Saturday, March 08, 2008

I found this review of Going My Way, it was published in the New York Times way back when the film was released in 1944.

Going My Way,' Comedy-Drama With Bing Crosby and Barry Fitzgerald, at Paramount -- New Film at Palace

Published: May 3, 1944

Having hit about as high in his profession as any average man would hope to hit—and that to say the top notes in the musical comedy league—Bing Crosby has switched his batting technique (or had it switched for him) in his latest film, "Going My Way." And—would you believe it?—old Bing is giving the best show of his career. That's saying a lot for a performer who has been one of the steadiest joys of the screen. But, in this Leo McCarey film, now at the Paramount, he has definitely found his sturdiest role to date.

For in this, Mr. Crosby's first picture with a comparatively serious dramatic theme—and also the first in which his singing is not heavily depended upon—he has been beautifully presented by Mr. McCarey, who produced and directed the film. And he has been stunningly supported by Barry Fitzgerald, who plays one of the warmest characters the screen has ever known. As a matter of fact, it is a cruel slight to suggest that this is Mr. Crosby's show. It is his and Mr. Fitzgerald's together. And they make it one of the rare delights of the year.

For "Going My Way" is the story—rich, warm and human to the core—of a progressive young Catholic priest who matches his wits and his ideas with those of the elderly pastor of a poor parish—a parish which the young priest is tacitly sent to conduct. It is the story of new versus old customs, of traditional age versus youth. And it is a story of human relations in a simple, sentimental, honest vein.

But it is far from a serious story—in the telling, anyhow. It is as humored and full of modern crackle as a Bing Crosby film has got to be. From the moment that Mr. Crosby shows up at St. Dominic's Church in a faded athletic costume to face the breathless skepticism of Mr. Fitzgerald until the final (and somewhat obvious) fadeout, when Mr. Crosby goes away in the night — the parish's treasury replenished and Mr. Fitzgerald comfortably wrapped in his old mother's arms—it is a delightful and witty case of sparring, with perfect dignity, between the two men.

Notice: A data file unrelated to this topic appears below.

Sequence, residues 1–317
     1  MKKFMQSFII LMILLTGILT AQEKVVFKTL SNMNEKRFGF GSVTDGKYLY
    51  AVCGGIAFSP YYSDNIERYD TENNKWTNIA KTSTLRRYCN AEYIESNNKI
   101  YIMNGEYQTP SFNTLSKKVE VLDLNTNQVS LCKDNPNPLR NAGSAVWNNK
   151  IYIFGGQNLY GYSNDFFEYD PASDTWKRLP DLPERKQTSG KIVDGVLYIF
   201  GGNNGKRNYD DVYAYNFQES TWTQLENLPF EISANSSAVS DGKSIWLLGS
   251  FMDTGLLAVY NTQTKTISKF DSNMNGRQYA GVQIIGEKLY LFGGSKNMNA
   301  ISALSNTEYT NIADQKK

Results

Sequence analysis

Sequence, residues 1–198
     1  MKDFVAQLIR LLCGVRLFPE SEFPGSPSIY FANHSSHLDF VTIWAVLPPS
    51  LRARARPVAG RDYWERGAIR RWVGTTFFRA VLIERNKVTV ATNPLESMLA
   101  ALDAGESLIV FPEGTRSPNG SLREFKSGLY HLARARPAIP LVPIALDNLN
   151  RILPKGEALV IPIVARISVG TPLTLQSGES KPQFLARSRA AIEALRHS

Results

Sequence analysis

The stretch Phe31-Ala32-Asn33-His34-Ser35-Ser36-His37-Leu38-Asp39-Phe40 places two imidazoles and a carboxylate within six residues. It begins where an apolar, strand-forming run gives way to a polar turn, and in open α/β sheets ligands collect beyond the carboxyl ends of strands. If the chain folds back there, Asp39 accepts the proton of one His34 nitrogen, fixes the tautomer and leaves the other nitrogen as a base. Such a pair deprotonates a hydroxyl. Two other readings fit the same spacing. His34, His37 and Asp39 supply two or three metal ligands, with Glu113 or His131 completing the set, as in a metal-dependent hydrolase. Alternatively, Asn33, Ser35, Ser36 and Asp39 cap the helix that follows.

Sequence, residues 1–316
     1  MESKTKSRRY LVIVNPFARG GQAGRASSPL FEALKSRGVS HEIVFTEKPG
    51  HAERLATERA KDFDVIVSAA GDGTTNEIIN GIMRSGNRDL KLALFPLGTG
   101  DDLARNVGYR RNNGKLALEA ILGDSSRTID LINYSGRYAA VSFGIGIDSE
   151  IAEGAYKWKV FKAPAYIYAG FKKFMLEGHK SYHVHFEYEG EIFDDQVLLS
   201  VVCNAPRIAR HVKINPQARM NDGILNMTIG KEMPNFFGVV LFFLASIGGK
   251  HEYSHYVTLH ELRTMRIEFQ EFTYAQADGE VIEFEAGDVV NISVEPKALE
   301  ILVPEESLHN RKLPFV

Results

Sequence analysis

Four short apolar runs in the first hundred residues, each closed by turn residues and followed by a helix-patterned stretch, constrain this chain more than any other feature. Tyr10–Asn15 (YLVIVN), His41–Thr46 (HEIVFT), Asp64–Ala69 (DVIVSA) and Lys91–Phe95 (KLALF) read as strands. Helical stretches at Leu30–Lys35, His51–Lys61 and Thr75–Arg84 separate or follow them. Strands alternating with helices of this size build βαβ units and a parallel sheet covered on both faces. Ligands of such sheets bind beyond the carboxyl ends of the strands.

There is the beautiful moment when Mr. Fitzgerald, while displaying his parish garden to the young priest, exclaims that it is a wonderful place to meditate and then adds, slyly, "You do—meditate?" There is the charming scene in which Mr. Crosby escorts the weary old gentleman to his bed, and then is surprised to discover that the reverent ancient likes "a drop of the craiture" now and then. And there is that simply exquisite sequence in which Mr. Fitzgerald goes off in a huff because Mr. Crosby is testing the neighborhood roughnecks in a vocal rendering of "Three Blind Mice."

Yes, there are musical passages in the picture. They come when Mr. Crosby occasionally sings a modern song bearing the title of the picture, another new air and a couple of old timers. They also come—and more magnificently—when Risé Stevens, who is trickily worked in, sings an aria from "Carmen," "Ave Maria" and the title song, too. And Mr. Crosby and the Robert Mitchell Boy Choir (dressed up like neighborhood kids) do very amusingly by a number called "Swinging on a Star."

The only criticism of the production—and of the excellent script which Frank Butler and Frank Cavett wrote—is that it runs to an excess. It is more than two hours long. And in that time there are certain stretches when the momentum somewhat lags. But otherwise no exceptions are taken. In addition to Mr. Crosby and Mr. Fitzgerald, Frank McHugh, Miss Stevens, Jean Heather and Stanley Clements—especially the latter as a genial tough — give thoroughly good performances. They enrich this already top-notch film with a vigorous glow of good spirit. "Going My Way" is a tonic delight.

GOING MY WAY, screen play by Frank Butler and Frank Cavett; from a story by Leo McCarey; produced and directed by Mr. McCarey for Paramount; songs by Johnny Burke and James Van Heusen. At the Paramount. 
Father Chuck O'Malley . . . . . Bing Crosby 
Jenny Linden . . . . . Rise Stevens 
Father Fitzgibbon . . . . . Barry Fitzgerald 
Ted Haines Jr . . . . . James Brown 
Carol James . . . . . Jean Heather 
Mrs. Carmody . . . . . Eily Malyon 
Father O'Dowd . . . . . Frank McHugh 
Tony Scaponi . . . . . Stanley Clements 
Haines Sr. . . . . . Gene Lockhart 
Mr. Belknap . . . . . Porter Hall 
Tomaso Bozanni . . . . . Fortunio Bonanova 
The Robert Mitchell Boy Choir

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